The business climate in Nigeria is one of the hardest; setting up and effectively running a business in these climes can test even the most adept entrepreneurs. Sometimes the harshness may be overrated and need a little correction, but it doesn’t take away from the fact that businesses in Nigeria have some of the hardest times anywhere in the world.
Suggested Read: The actual cost of launching a Startup in Lagos
From battling anti progress governmental policies to spending bulk of profit on fueling power generators, the Nigerian entrepreneur faces an uphill task. The recent weakening of the Naira, and resultant foreign exchange crises, has placed a further strain on the already burdensome duty of running a business in Nigeria; everybody is affected.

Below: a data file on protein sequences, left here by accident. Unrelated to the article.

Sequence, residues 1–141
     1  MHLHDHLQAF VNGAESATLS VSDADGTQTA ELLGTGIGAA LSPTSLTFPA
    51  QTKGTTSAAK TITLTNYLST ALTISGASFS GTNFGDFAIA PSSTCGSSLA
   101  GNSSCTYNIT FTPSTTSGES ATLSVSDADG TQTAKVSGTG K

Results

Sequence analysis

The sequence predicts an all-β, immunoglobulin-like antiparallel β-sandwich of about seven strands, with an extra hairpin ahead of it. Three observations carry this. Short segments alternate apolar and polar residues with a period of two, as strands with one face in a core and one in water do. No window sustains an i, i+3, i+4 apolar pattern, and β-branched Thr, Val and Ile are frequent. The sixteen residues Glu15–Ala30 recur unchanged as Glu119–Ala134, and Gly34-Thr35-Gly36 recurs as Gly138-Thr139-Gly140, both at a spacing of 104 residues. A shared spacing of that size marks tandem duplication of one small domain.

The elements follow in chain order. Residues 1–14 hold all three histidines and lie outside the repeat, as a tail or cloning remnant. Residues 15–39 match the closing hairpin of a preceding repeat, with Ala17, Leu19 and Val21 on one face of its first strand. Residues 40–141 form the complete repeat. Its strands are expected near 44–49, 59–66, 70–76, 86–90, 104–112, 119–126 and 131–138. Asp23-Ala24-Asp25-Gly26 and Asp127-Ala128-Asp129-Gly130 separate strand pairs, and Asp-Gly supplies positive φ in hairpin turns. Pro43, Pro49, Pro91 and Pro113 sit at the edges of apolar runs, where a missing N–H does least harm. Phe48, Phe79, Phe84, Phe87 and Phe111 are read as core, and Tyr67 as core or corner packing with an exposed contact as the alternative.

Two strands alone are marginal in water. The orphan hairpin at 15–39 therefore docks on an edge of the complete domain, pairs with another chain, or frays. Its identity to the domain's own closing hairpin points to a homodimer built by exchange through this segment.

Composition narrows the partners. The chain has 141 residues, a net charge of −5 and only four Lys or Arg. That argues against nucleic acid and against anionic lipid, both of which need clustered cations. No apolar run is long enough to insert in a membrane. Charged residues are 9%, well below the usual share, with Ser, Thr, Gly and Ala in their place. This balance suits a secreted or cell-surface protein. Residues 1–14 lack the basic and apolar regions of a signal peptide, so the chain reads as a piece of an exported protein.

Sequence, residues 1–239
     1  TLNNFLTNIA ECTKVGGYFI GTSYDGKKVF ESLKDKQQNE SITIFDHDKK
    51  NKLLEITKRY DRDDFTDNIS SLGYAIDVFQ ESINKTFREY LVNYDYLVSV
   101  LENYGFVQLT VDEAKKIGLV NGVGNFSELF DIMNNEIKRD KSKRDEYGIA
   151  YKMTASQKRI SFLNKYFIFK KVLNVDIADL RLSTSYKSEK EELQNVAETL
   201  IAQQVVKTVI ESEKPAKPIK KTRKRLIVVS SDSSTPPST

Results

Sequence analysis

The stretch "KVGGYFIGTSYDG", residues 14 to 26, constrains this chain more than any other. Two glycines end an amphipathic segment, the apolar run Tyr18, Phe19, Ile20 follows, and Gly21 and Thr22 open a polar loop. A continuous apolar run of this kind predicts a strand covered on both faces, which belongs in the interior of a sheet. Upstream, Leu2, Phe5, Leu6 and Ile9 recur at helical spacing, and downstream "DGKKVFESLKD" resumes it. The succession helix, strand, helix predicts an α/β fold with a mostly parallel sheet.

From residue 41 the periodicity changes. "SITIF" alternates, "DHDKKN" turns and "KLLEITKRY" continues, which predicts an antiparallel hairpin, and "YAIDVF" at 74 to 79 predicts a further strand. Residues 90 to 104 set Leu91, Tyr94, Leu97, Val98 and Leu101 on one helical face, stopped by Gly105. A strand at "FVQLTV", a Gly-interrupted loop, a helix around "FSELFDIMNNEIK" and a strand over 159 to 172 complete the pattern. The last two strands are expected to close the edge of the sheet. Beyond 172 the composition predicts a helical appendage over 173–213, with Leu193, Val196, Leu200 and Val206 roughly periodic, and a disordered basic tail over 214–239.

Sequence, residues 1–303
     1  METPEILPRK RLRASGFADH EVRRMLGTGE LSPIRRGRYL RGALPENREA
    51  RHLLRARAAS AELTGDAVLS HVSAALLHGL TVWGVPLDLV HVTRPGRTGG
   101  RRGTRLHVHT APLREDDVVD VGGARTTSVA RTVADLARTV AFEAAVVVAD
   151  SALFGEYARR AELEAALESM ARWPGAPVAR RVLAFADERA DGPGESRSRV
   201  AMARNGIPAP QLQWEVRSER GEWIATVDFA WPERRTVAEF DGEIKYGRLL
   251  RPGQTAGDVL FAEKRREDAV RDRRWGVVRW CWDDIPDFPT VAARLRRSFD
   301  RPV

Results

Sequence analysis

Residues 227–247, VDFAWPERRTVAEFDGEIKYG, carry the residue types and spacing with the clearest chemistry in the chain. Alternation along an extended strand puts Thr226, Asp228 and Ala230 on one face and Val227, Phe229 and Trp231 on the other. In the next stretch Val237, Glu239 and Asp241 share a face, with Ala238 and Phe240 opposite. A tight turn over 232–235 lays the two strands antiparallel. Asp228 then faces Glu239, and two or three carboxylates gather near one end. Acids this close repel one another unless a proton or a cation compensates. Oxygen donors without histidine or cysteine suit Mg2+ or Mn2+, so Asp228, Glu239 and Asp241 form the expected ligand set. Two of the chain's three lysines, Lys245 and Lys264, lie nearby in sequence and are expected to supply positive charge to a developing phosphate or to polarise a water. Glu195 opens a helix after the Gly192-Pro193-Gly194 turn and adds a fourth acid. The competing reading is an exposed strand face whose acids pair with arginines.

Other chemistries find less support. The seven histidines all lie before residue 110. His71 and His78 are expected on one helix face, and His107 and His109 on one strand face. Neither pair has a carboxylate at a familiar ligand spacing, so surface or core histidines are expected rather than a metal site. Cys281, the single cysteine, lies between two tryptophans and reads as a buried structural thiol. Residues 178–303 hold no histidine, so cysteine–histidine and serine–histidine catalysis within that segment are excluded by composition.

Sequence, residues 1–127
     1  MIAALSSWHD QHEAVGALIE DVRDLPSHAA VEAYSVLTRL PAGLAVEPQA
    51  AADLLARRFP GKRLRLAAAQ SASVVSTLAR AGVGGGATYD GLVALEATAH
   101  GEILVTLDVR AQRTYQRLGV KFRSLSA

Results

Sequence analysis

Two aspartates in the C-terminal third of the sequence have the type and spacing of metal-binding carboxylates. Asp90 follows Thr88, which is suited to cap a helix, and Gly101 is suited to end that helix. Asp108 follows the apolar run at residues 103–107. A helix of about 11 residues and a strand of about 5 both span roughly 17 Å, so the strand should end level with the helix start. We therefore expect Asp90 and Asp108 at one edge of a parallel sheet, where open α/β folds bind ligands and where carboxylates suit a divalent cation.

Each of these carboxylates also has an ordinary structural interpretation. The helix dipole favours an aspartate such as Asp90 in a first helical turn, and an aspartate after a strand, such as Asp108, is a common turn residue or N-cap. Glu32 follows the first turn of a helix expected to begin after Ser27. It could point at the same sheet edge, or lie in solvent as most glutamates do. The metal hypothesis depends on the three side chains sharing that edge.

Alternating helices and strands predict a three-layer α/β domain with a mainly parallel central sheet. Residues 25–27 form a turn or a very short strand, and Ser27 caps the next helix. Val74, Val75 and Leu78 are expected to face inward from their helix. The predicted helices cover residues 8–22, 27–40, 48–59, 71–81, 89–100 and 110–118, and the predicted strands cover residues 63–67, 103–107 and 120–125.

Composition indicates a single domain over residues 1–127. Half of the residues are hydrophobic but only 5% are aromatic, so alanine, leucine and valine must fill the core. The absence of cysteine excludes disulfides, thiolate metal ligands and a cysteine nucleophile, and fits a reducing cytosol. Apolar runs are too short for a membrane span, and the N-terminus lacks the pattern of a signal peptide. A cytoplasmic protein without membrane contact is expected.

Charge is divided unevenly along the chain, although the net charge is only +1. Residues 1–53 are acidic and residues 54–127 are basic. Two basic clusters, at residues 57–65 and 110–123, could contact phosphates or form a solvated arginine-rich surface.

A recent Twitter poll run by Techpoint is a reflection of the general sentiment among entrepreneurs.
Under normal circumstances, the effect of the Nigerian forex crisis should be contained in certain sectors of the economy. But considering that Nigeria has a largely unfavorable trade balance — we import more than we export — the price of these imported materials have an indirect effect goods sold domestically.
A chicken egg increased from ₦30 to as much as ₦50 apiece and the jocular question with a serious tinge is “How has the dollar affected the rate at which fowls lay eggs?” Yes, it has because most livestock vaccines and feed are still imported in dollars; the forex crisis has impacted everything.
Apart from the livestock rearing business, let us take a long look at businesses from other sectors that are suffering.